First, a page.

What it’s like to be half deaf.

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Olivia Cooper, Writer

I’ve recently found out that I have significant hearing loss in my right ear, it’s something I was most likely born with. Though I’ve only found out more recently, it’s been a pretty difficult thing to deal with.

Finding out about it was kind of a long process. It was really only a long process because of all of the appointments. The day I found out there was a lot of basic hearing tests. Like the stuff they do at school, raising your hand for a beep and such. There were also a lot of other tests, like one’s where I didn’t do anything. I’d say that took a good forty-five minutes to an hour. After that was when the doctor discussed the results with my mother and I. That’s when we learned I had significant hearing loss in my right ear.

I’d had troubles with my right ear for quite some time. I noticed that I had a hard time hearing people if they were on that side of me, that it was harder to hear out of the earbud on that side, things like that. (To elaborate, if someone like a teacher is talking, I can hear them usually just fine, because their voice projects and my other ear picks it up. If someone is just talking to me or someone around me, I have a harder chance of hearing the conversation if they aren’t facing me or on my left side.) I just didn’t really think much of it, because it was something I’d dealt with for so long. I’d also had a lot of ear infections, especially in that ear, before finding that out. After finding out, it was really kind of weird. The reason for me not being able hear sometimes and the reason for ear problems finally clicked after I found out. There were some other things my mother pointed out to me, such as why it’s hard for me to tell the difference between how some letters sound, why I can’t say some things correctly and so on. They were all because I couldn’t ever hear them properly.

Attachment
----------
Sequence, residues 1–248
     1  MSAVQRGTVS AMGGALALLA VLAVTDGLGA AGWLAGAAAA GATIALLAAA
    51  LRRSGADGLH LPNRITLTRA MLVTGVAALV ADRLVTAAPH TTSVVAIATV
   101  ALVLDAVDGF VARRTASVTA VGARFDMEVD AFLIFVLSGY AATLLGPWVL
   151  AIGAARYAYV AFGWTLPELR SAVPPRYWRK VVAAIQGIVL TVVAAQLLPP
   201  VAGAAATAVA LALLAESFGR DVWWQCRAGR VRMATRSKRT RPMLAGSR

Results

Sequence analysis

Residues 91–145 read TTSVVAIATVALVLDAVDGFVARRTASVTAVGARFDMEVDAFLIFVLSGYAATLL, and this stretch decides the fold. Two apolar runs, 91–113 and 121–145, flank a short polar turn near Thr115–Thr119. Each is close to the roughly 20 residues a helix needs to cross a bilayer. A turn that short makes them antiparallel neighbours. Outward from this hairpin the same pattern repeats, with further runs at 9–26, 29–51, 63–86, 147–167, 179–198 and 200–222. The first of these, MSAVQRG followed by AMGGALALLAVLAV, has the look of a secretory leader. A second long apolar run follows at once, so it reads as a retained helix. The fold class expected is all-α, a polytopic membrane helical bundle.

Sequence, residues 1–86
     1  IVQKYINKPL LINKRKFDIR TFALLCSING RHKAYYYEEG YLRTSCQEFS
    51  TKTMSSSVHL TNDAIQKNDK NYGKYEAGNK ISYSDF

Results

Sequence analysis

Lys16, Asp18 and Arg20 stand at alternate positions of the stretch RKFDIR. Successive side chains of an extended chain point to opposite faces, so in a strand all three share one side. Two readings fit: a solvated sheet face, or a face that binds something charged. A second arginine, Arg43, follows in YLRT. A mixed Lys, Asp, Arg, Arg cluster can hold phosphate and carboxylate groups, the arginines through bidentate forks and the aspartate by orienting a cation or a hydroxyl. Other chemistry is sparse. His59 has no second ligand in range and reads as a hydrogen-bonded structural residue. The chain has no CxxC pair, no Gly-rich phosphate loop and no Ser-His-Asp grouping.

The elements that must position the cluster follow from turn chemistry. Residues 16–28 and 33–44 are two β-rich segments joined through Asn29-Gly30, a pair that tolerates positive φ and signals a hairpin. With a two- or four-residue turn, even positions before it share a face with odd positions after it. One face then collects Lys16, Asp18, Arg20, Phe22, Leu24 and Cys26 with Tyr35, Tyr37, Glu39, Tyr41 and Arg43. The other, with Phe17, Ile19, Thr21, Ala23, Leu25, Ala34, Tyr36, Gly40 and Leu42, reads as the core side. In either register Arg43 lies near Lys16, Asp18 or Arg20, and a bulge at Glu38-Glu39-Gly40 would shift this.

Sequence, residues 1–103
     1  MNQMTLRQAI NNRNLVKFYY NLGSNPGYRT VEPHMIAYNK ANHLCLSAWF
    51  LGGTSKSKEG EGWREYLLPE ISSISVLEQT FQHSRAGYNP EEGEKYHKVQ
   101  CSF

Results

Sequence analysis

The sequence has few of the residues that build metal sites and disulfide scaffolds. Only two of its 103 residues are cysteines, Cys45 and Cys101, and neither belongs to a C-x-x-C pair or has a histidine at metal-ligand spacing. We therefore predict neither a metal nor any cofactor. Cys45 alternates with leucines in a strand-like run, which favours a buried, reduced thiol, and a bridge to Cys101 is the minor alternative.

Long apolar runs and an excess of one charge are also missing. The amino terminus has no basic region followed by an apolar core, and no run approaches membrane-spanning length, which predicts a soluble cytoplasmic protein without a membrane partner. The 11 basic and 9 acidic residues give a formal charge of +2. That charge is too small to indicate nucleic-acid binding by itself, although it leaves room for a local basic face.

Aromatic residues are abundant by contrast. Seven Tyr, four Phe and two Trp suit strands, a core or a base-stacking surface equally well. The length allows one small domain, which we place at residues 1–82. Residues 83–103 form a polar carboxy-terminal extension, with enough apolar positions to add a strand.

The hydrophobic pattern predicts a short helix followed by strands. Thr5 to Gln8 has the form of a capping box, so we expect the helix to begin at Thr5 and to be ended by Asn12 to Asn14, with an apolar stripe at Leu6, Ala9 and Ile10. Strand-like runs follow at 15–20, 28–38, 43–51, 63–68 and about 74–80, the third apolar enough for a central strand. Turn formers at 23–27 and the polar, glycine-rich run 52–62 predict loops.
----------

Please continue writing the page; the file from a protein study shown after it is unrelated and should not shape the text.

Then there’s the whole thing of wearing a hearing aid. I’m not really worried about wearing it, I’m more worried about me losing it because they’re so small nowadays. Though, it probably will be a bit of a pain to wear. Part of me wonders what kinds of things I’ll hear when I get it. Stepping away from the topic of hearing aids for a minute, My type of hearing loss is rarer than the normal. Both of a person’s ears have two types of a frequencies in them, high and low. The high frequencies are closer to the outside of a person’s ear, so normally a person would lose those first if they were to have hearing loss. The lower frequencies are deeper in your ear, which makes a person less likely to lose them first. I lost my lower frequencies first, which as previously stated, is different from the normal.

Hearing loss is something that isn’t curable, even if it was I’m sure it’d be overpriced. Even so, it’s something a lot of people have to deal with and I’m one of them. The hardest thing about all of this is probably just letting it sink in. It’s really weird to realize that I can’t hear fully. It’s probably that way for most people who have some sort of problem they never realized. I think it’ll just take a lot of time to fully register and sink in.